The restriction sites for RFLP are listed for each TALEN site. The enzyme name is listed with its prototype. The compatibility of the enzymes with full-strength PCR buffer [12] is listed, rescaled so that it falls on the range [0,9], with 0 representing no activity. The position of the first base of the enzyme’s recognition sequence is given for nucleases that cut only once in the amplicon (binding site with default of 150 flanking bp on either end). The minimum distance to the second cut site is configurable (default = 80 bp). If an enzyme cuts in two positions that are at least this minimum distance apart, the second cut is given relative to the first restriction site. The indexing is based on the beginning of the subsequence fragment, including the long flanking length. If using the Mojo Hand web service, enzyme restriction site matches are highlighted in black in the spacer while reverse complement restriction site matches are highlighted in red.

              TALEN recipe generator

              Commonly used TALEN assembly protocols involve a large number of plasmids [3]. Mojo Hand includes a spreadsheet that aids in TALEN formulation that may be used in conjunction with the Golden Gate method and the TALEN DNA kit from Addgene (TALEN Kit #1000000016; Cambridge, MA, USA)[3, 9, 13]. Mojo Hand outputs tab-delimited or CSV downloadable RVD sequences, which can be transferred into the spreadsheet using the clipboard. The spreadsheet then produces recipes that facilitate the molecular assembly of TALENs.

              Verification of Mojo Hand and measurement of TALEN activity

              To prospectively test the Mojo Hand software, we designed TALENs targeting zebrafish flt3 sequence using Mojo Hand. A 450 bp genomic fragment including Exon 1 was used as input. An Exon 1 targeting TALEN pair with 15-RVD binding sites including a 5’ upstream T nucleotide at both arms was chosen, which has a 16 bp spacer and a unique NsiI site in the spacer (Figures 3 and 4). The TALEN constructs were subsequently synthesized with the Golden Gate Method [3] using the GoldyTALEN scaffold [9, 13]. In vitro transcribed mRNAs (mMessage mMachine T3 kit, Life Technology, Carlsbad, CA, US) encoding the TALEN pair were injected into the cytoplasm of 1-cell stage wild-type zebrafish. At 48 hours-post-fertilization (hpf), genomic DNA was extracted from single and groups of 10 phenotypically normal embryos. The in vivo activity of the TALEN was screened by RFLP assay as previously described [9]. In embryos injected with the TALEN mRNA, uncut PCR product was detected representing the loss of NsiI site through TALEN-induced small deletion, with the percentage of converted chromosomes measured to be 84 ± 5% (average of three different experiments). These results demonstrated a successful TALEN design with Mojo Hand. We have conducted a separate prospective analysis of 12 more TALENs made using Mojo Hand, with each pair garnering over 20% activity and the set averaging over 50% converted chromosomes in this zebrafish embryo assay (data not shown).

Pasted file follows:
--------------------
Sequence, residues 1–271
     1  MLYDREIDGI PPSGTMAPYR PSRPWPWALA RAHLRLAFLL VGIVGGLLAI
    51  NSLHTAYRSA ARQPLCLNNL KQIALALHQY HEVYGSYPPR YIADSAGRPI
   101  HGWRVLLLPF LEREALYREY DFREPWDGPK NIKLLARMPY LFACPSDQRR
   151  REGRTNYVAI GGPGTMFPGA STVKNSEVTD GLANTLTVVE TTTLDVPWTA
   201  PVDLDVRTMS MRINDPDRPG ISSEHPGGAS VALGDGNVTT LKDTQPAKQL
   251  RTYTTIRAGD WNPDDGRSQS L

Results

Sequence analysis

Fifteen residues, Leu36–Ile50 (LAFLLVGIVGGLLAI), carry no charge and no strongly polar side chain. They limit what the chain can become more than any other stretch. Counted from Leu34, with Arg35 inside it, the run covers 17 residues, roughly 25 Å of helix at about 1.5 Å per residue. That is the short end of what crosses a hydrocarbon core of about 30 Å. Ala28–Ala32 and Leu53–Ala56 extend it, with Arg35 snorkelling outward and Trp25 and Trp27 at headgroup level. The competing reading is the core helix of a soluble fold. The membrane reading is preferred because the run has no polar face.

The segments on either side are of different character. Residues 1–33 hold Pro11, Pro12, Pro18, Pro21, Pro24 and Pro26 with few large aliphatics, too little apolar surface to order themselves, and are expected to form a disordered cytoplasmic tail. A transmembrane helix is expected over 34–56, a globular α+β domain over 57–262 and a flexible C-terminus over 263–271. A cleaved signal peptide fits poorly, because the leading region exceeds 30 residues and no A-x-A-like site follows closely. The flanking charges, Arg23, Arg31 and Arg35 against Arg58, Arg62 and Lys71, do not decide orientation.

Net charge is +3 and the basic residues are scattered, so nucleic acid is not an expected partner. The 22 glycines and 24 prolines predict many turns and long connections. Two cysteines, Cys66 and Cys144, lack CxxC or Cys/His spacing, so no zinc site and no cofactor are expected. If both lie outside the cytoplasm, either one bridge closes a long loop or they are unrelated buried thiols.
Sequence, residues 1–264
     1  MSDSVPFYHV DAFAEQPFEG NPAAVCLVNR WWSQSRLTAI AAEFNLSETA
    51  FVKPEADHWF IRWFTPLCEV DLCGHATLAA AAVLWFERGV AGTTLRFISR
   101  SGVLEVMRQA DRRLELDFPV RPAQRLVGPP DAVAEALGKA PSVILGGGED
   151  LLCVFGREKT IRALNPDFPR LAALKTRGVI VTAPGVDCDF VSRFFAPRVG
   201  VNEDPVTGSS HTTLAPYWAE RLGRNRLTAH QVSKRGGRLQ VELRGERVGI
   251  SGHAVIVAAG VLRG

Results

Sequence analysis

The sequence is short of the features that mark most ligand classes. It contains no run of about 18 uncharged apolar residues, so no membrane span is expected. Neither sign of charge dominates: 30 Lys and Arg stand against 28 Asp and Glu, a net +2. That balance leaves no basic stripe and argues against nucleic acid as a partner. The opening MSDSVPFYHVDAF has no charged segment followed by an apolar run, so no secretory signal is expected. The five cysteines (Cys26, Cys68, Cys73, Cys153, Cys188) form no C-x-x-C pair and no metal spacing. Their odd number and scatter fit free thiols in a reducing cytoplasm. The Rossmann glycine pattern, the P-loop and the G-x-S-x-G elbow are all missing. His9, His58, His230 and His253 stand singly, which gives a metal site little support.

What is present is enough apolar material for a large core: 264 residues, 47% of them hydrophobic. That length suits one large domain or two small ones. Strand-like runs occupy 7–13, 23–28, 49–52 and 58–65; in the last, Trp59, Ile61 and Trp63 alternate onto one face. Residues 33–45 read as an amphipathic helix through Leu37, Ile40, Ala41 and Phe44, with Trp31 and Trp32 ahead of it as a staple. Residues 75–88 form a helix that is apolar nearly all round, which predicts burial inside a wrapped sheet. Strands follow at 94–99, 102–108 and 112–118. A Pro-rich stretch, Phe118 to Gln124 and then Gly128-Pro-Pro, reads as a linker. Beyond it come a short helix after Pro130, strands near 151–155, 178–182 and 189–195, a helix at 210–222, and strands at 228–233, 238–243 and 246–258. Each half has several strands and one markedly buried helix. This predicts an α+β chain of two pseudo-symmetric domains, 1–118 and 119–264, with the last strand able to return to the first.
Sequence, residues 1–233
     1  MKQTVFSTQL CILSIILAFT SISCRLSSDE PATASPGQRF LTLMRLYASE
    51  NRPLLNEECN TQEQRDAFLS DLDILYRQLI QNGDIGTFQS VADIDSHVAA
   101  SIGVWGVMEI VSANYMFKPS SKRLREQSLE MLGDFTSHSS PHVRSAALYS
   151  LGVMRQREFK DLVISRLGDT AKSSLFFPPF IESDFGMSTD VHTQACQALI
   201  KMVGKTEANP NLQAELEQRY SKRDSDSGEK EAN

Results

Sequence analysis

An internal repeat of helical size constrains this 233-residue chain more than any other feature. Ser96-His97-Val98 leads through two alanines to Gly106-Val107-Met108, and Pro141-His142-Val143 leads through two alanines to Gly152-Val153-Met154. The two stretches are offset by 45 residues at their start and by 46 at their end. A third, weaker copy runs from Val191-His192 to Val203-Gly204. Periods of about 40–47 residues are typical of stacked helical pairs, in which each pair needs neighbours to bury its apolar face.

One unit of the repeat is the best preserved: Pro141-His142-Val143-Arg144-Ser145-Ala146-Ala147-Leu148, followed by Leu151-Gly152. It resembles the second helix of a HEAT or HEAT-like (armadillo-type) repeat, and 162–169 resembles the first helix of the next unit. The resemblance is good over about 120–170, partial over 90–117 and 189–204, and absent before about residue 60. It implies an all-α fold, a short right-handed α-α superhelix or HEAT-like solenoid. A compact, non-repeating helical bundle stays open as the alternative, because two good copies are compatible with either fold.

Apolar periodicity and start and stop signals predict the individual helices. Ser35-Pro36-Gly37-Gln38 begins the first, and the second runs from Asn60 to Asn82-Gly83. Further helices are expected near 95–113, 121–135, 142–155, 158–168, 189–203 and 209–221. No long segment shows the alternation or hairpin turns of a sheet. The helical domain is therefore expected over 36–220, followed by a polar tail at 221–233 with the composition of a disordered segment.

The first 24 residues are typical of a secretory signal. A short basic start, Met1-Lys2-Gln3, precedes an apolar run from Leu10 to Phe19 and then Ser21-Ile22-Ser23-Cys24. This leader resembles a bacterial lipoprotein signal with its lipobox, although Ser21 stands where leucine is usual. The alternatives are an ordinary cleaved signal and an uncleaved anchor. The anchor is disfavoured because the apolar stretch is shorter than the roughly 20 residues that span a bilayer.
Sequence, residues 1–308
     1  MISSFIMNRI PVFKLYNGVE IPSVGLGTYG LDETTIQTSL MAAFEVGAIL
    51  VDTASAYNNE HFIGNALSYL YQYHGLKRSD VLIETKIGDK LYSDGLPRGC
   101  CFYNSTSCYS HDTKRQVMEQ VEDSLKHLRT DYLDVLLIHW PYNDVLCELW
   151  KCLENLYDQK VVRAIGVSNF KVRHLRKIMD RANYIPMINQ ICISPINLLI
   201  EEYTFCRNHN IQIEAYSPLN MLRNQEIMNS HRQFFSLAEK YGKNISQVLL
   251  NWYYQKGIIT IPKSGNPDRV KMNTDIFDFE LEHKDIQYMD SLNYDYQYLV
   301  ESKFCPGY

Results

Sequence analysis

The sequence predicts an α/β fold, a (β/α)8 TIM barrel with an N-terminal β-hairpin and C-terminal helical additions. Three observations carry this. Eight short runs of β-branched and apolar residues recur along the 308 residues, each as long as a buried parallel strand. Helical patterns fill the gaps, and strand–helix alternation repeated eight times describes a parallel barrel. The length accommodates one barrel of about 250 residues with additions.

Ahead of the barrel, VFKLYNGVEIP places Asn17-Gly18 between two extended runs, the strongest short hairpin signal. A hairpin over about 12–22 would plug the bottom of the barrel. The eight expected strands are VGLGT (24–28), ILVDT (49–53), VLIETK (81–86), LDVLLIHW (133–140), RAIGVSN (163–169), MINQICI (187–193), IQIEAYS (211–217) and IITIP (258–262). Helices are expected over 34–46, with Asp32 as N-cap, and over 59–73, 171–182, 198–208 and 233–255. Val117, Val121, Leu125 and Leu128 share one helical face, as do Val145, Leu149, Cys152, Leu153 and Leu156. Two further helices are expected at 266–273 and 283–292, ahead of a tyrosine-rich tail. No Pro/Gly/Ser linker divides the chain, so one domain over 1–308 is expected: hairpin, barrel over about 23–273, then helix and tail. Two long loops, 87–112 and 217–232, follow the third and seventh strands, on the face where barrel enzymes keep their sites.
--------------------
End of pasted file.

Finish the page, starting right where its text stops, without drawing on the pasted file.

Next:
Figure 4

              In vivo activity of Mojo Hand-designed TALEN. a) Detail design of TALEN binding site targeting zebrafish flt3 Exon 1 sequence. b) Description and results of the RFLP assay showing targeted small deletion (loss of NsiI recognition sequence) introduced by the Mojo Hand-designed TALEN pair. Primers for RFLP assay: Forward-TGAAAGTCTTCTTGCCTCTGTTC; Reverse- CAGCTGTAAATGAGTCTCACAGTT.

              Source code and Web service

              Mojo Hand is available as a web service at http://​www.​talendesign.​org. The site allows access to the program without the trouble of installation and with the ease of a familiar interface. Point-of-use help is available for each field. The source code and spreadsheet are also available for non-commercial use with applicable license.


              We developed Mojo Hand based on an initial training set of 35 genes, further tested the program with users from 3 separate laboratories, and finally conducted a prospective study of over a dozen TALEN pairs. During the initial vetting process, we showed that the correct sequences were downloaded from NCBI databases using NCBI nr/ntBLAST [14]. We manually confirmed that the Mojo Hand predicted binding sites were within the expected exon of the correct gene in all cases. We also compared Mojo Hand output to manually retrieved GenBank records and verified several binding sites to ensure that they occurred in the correct exon and that the prefix requirements (a 5’ thymine, in most cases) were satisfied. Our test set was constructed so that different numbers (0–3) of subsequence features were present, allowing us to assess how Mojo Hand prioritizes mRNA, CDS, and misc RNA features. We included genes with multiple aliases and features labeled with an alias to test if all appropriate subsequence records were found.